La Roche 13-08-2016
De route der toevalligheden krijgt een internationaal tintje en dus gaan we nu verder in het Engels.
Coincidentally the box with the necklace ended up in a place where I have recently settled. In a small town, in the same street, a few houses down the road. How is that for coincidence! Especially since I first saw the necklace a few months ago when it was completely bare and still waiting for something to be added to it. How is that possible? Sanna, the brains behind Blei-Ji and creator of the necklace, happens to be my best friend. And now faith has brought the box to my home and I am fortunate enough to add my story to the “Route of Coincidences!”
I have added some shells that mean a lot to me, to the impressive ever-growing necklace.
During my many years of travelling I have collected quite a few souvenirs along the way, including jewelery. Of all the things I have gathered over the years, the only thing I always wear is my Bagi shell bracelet (a former necklace, however due to Australian customs, it was cut in half as there was a banana seed in the middle of it).
When travelling on expedition ships for many years, Papua New Guinea has always been one of the most intriguing destinations we often visited. And the more we visited the more we learned about the people and their traditions. We have made many friends along the way and on our multiple visits we have been able to trade quite a few items, often with a funny story to go with it.
Part of this bracelet is now flying across the Atlantic Ocean. To my dear friend Mary, who I have met on one of those many travels and with whom I have had the fortune to explore many wonderful places on this incredible planet.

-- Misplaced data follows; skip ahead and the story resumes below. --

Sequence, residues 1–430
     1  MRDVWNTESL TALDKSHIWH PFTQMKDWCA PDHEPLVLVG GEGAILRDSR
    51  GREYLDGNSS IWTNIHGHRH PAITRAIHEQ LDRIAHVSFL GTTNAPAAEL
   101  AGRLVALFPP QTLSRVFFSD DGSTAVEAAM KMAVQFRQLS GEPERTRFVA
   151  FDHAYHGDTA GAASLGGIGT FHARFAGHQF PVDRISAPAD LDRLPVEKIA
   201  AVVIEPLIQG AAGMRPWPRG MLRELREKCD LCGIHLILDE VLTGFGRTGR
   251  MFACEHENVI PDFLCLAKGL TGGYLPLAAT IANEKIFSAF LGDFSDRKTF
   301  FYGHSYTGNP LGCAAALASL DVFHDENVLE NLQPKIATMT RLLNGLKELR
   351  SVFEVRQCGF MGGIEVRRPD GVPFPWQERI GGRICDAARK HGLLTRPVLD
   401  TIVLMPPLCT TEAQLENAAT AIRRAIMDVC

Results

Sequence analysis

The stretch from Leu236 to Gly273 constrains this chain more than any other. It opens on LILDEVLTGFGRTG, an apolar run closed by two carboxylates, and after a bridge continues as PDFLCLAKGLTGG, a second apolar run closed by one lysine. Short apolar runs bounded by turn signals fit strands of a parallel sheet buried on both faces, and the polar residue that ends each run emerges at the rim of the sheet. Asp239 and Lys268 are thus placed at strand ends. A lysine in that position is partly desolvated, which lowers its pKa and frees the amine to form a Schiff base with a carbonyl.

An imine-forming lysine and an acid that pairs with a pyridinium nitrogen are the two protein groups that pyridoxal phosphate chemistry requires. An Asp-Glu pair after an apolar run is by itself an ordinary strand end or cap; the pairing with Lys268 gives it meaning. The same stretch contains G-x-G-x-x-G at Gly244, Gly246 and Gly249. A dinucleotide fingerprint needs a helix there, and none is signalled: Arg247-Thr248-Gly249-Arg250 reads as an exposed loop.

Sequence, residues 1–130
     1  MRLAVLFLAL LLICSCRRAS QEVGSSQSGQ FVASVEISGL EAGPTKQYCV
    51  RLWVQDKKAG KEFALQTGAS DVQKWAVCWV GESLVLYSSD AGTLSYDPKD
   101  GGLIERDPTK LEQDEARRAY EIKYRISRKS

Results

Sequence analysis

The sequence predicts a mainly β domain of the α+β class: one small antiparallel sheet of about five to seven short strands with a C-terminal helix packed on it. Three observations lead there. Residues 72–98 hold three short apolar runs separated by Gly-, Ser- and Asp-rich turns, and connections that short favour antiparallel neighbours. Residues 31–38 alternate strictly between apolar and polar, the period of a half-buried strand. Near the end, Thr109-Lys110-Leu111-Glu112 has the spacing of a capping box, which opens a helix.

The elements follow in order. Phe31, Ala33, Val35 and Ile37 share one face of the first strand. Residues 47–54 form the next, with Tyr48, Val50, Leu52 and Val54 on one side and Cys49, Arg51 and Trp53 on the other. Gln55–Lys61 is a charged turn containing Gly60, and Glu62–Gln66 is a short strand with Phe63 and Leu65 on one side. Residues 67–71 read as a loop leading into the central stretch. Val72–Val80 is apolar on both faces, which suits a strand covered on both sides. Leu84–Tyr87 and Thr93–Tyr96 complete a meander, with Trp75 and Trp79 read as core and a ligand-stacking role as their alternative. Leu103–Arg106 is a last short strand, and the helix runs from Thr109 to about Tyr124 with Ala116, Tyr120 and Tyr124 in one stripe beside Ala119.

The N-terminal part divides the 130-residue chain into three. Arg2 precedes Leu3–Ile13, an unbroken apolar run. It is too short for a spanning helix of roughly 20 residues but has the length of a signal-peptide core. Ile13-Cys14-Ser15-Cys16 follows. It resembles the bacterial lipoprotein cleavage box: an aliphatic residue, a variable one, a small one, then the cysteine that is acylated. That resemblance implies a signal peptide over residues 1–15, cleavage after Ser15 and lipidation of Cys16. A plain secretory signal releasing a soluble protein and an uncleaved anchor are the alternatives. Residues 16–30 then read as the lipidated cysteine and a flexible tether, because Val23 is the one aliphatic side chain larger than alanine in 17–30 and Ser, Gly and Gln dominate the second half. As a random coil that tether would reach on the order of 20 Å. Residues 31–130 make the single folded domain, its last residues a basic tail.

We have been offered many crafts and arts (some skillfully made, others very interestingly looking!) in return for the weirdest items including CDs, tents, shoes and Swiss army knives. It was at Kitava (the island of love in the Trobriands) where my husband traded his Leatherman pocketknife for an impressive Bagi necklace.
The Bagi shell necklace is part of a very complex traditional trading method in Papua New Guinea. Bagi are red shells strung together and worn as a necklace and is a principal trading item in the Kula ring, which has been around for hundreds of years. Kula shells traditionally move through a series of islands, along a particular path. There are two types of shells used in the exchange, white shell armbands (Mwali) and red shell necklaces (Bagi). The Mwali move in a counterclockwise path through the villages in which the various Kula partners live. The Bagi pass through the same hands, but move clockwise, or the opposite direction to the Mwali. If we were to begin with any one man, draw a line tracing the path of the shells, as in a picture made by the connecting dots, we would have described a circle leading back to the origin point. A shell makes this circuit in anywhere from two to five years.
Mwali and Bagi are both assessed for their value based on size, colour and how well they are polished or finished. In addition the shells increase in value with age and both men and shells gain prestige in their association with one another. A man may gain fame and notoriety for having possessed a particularly fine armband; similarly, a necklace may be highly regarded for having been owned by a great man. To be big in Kula is to be big in most other things.
Once our necklace was abruptly cut into 2 halves we turned them into two matching bracelets and have both worn them ever since. Part of this bracelet is now flying across the Atlantic Ocean. To my dear friend Mary, who I have met on one of those many travels and with whom I have had the fortune to explore many wonderful places on this incredible planet. She too has witnessed the beautiful smiles of the children on Kitava, smelled the sweet scent of the Hibiscus and Frangipani flowers, discovered the magical underwater-world which Papua New Guinea has to offer and has most probably done some trading herself with one of the friendly locals.
The necklace its new destination is Bozeman, Montana in the U.S.A. where it will be waiting for more adventurous journeys and letting faith decide its path.